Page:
The proportion of people living on less than $1 a day -- the benchmark for extreme poverty -- has fallen from 29 per cent to 23 per cent in the last 10 years, although that masks significant regional differences. In the same period, East Asia has seen the proportion of people living on less than $1 per day drop from 28 per cent to 14 per cent. South Asia, where nearly half the world's very poor still live, has seen a more modest drop from 44 per cent to 37 per cent -- and in Africa the drop has only been from 48 per cent to 47 per cent.

    A report prepared last year for the Secretary-General by a panel headed by former Mexican President Ernesto Zedillo, and including former United States Treasury Secretary Robert Rubin, estimated that meeting the MDGs would cost an additional $50 billion in annual aid. Earlier this year, at the Monterrey Conference on Financing for Development, the United States pledged to increase aid spending by 50 per cent, or $5 billion a year, and the European Union promised an additional $7 billion a year, as its first step toward meeting the target of 0.7 per cent of gross domestic product (GDP) for development assistance.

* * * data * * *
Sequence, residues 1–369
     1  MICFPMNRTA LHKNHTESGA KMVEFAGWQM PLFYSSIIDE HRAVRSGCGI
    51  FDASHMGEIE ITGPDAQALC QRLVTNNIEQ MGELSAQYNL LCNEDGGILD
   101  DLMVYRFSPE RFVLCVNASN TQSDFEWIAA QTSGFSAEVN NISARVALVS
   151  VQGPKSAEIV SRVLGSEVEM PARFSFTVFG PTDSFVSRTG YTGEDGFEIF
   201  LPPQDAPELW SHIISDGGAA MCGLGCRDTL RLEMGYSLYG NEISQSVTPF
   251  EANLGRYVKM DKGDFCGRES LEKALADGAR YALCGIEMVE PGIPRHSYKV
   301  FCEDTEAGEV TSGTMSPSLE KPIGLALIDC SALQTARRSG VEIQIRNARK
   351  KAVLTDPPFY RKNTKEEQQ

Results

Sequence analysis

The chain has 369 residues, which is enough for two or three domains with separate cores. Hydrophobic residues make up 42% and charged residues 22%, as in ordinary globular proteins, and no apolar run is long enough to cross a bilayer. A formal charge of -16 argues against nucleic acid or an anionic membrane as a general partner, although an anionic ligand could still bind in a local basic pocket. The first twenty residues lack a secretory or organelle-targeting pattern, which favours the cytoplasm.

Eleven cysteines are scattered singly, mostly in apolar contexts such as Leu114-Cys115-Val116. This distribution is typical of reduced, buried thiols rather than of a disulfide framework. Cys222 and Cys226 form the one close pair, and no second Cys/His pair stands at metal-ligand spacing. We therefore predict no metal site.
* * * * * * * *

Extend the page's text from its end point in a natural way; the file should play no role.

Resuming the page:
Efforts to achieve the Goals have been further boosted by additional targets agreed and initiatives launched at the World Summit on Sustainable Development in Johannesburg last month. These include a target to halve the proportion of people without access to basic sanitation, to match the Millennium target of halving the proportion of those without access to clean water.

    Media Contacts: Abigail Spring, tel. (212) 906-5312, e-mail; Pragati Pascale, tel. (212) 963-6870, e-mail; Web site: